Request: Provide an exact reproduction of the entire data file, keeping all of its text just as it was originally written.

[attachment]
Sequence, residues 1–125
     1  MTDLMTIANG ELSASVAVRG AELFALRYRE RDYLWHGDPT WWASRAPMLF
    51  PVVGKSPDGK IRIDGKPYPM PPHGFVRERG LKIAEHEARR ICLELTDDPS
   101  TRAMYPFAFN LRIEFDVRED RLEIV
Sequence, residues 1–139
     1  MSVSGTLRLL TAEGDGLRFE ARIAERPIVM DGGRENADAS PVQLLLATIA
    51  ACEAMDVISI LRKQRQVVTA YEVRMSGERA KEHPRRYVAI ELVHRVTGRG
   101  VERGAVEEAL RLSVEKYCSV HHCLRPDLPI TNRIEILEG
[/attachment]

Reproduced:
Sequence, residues 1–125
     1  MTDLMTIANG ELSASVAVRG AELFALRYRE RDYLWHGDPT WWASRAPMLF
    51  PVVGKSPDGK IRIDGKPYPM PPHGFVRERG LKIAEHEARR ICLELTDDPS
   101  TRAMYPFAFN LRIEFDVRED RLEIV
Sequence, residues 1–139
     1  MSVSGTLRLL TAEGDGLRFE ARIAERPIVM DGGRENADAS PVQLLLATIA
    51  ACEAMDVISI LRKQRQVVTA YEVRMSGERA KEHPRRYVAI ELVHRVTGRG
   101  VERGAVEEAL RLSVEKYCSV HHCLRPDLPI TNRIEILEG